All graduate students in the Arts, Humanities and Social Sciences are invited to participate in the Memory Group. Memory studies has been a rapidly developing field that has brought together scholars in History, Literature, Sociology, Media and Cultural Studies and a wide range of other disciplines over the last 20 years. It is an empirically rich and theoretically challenging field that has implications for methodology and the way in which sources and data are understood across the board in the Arts, Humanities and Social Sciences. The Memory Group is an interdisciplinary group of graduate students and faculty with research interests in memory, memorialisation, and related issues of trauma and nostalgia. The group aims to meet termly with meetings involving discussion of published (both recent and older) and unpublished work and formal presentations from experts in the field.
|Memory Group Activities 2020-21
To the Barricades
To the Barricades is a collaborative research project on contesting power across Europe 1815-1850
This project will examine emerging and re-emerging strategies of organization, contestation and resistance, and associated political thinking, from revolutionaries to reactionaries, across Europe in the wake of the restoration of European monarchies following the Napoleonic wars and the Congress of Vienna.
The aim is to construct a network of contributors to contribute to a web-site (like the 100 days project <100days.eu>) exploring restoration, resistance and rebellion in Europe between 1815 and c.1850. Contributors will identify events and associated objects and write short entries – potentially on particular days, or events, or incidents – and others might contribute background pieces and pieces reflecting on changing terms, practices, aspirations etc. The websitehas national timelines and key events and occasions, worked up with objects, pictures, manuscripts etc., to represent the (re-)emergence of protest and contestation in the UK and the restored states of Europe.
In November 2018 we had a workshop followed by a performance of songs of protest in Europe 1815-1850 linked to the Warwick Words Festival.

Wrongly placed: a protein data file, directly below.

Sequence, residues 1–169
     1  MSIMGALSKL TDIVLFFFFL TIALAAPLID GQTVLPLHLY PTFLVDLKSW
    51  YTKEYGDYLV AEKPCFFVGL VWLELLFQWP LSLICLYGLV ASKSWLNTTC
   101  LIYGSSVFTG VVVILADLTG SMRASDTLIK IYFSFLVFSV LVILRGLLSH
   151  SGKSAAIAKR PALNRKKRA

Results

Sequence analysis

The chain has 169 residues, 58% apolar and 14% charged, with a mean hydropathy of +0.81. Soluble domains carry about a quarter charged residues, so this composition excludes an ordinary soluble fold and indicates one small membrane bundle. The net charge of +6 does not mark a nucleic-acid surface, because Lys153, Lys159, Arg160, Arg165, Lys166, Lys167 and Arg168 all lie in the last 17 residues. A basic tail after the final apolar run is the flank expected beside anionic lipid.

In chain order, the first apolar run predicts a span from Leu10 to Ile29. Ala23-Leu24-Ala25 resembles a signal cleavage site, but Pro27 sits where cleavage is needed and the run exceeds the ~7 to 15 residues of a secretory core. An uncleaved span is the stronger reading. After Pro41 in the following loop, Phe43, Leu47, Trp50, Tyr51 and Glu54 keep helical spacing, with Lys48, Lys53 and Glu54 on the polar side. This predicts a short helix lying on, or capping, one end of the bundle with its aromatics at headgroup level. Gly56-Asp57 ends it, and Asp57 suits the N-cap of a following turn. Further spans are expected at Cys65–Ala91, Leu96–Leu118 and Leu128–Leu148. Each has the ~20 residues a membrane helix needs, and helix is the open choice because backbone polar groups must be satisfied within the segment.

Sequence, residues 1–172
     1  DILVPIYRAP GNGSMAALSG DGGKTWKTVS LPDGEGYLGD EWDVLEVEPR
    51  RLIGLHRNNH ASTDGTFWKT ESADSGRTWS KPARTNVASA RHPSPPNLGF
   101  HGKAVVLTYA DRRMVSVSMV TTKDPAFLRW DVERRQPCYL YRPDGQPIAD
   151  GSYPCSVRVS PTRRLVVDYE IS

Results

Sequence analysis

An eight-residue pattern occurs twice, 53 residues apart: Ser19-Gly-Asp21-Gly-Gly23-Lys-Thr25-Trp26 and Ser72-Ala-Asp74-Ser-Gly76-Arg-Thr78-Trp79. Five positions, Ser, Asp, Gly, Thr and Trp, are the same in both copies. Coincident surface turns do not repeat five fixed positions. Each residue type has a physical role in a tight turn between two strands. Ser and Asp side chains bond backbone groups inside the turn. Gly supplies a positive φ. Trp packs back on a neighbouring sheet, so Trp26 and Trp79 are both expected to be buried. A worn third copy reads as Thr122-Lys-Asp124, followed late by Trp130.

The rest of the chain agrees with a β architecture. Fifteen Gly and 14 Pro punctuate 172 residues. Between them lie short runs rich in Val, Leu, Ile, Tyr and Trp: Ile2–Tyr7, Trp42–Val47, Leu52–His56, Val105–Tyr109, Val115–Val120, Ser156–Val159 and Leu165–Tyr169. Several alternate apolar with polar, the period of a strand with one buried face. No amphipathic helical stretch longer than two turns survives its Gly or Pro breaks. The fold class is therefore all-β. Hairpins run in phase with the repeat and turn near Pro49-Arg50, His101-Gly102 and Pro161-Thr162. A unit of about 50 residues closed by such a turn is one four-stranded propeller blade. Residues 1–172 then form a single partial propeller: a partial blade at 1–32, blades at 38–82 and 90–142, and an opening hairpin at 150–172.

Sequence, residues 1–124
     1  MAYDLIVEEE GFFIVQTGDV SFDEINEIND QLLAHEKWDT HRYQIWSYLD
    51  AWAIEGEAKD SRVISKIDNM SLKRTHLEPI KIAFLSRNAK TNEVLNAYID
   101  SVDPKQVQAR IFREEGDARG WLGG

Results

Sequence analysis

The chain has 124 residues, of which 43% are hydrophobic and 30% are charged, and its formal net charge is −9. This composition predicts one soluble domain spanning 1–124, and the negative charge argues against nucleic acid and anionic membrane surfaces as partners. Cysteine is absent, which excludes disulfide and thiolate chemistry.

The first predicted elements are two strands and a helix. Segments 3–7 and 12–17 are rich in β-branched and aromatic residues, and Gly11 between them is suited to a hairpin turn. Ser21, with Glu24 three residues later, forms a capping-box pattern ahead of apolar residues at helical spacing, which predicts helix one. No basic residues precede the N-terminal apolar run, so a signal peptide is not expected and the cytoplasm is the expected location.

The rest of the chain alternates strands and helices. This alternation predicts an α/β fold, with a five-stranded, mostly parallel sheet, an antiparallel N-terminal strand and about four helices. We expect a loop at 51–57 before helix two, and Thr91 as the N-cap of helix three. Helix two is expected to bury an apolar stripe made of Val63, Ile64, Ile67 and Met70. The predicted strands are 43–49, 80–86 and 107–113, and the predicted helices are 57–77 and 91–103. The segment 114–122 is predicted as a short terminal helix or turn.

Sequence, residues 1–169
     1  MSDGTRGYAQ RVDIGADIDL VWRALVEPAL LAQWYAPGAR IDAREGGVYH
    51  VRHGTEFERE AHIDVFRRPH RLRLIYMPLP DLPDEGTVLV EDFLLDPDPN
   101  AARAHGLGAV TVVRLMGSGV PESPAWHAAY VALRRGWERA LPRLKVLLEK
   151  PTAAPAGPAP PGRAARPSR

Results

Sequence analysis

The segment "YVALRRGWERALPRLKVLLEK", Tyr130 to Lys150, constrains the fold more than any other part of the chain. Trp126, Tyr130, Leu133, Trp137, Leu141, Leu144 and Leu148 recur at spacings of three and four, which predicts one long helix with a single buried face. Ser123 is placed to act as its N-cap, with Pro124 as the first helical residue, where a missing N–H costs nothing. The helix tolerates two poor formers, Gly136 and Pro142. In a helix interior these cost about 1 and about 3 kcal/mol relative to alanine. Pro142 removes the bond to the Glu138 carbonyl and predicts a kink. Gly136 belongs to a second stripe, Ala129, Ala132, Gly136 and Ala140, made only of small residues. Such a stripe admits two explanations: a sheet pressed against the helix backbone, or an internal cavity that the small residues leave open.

In November 2019 we had a workshop on women and politics in Europe 1815-1850 followed by a performance of the Trial of Queen Caroline, which is now available as a recording on the barricades.ac.uk website.
See also: https://warwick.ac.uk/fac/arts/hrc/confs/pos/ for the 'Politics of Sedition' Conference on 10th Novemmber 2018.
What do the next generation think about their futures in the light of Britain's Brexit vote?
What should they think about it? And how can they make their voice heard in the unfolding process?
How do different political cultures and societies conceive of the nature of public office. How far are public and political office differentiated. And what impact do the particular histories of states have on the construction and understanding of public office. Many disciplines and international orgnisation assume that public office and its responsibiliies are common to political systems. This AHRC funded Research Networking Project questions that assumption and explores constructions of public office in Kenya, Mexico and the UK.
Napoleon's 100 Days marked the period between Emperor Napoleon of France's return from exile on Elba to Paris on 20 March 1815 and the second restoration of King Louis XVIII on 8 July 1815. This rich period of history saw the last conflict in the Napoleonic Wars, the defeat of Napoleon at the Battle of Waterloo, the restoration of the French monarchy for the second time, and the permanent exile of Napoleon to the distant island of Saint Helena where he died in May 1821.
For 100 Days on-line exhibition see: www.100days.eu
A project exploring different techniques for examining late eighteenth and early nineteenth century social networks and interaction, with the aim of deepening or understanding of the character of norms and conventions of sociability and interaction in different groups in society.
The project, involving two of the Department's undergraduates Aysuda Aykan and Curtis Leung, is transcribing and editing the diary of William Upcott (1779-1845), an antiquarian and librarian who lived most of his adult life in London. The material includes extensive reporting of his activvities between 1806 and 1810; a tour of the Midlands and Peak District in 1823, and some autobiographical reflections in letters to others.
This project transcribed, edited and introduced the diary, or memoir of Sharon Turner of his life in London in the 1790s. Turner was a lawyer who subsequently became an expert on Anglo-Saxon history. It offers a distintive, indeed unusual perspective on political events of the period, through a very personal perspective.
Please see the European History Centre Archive for details of previous events.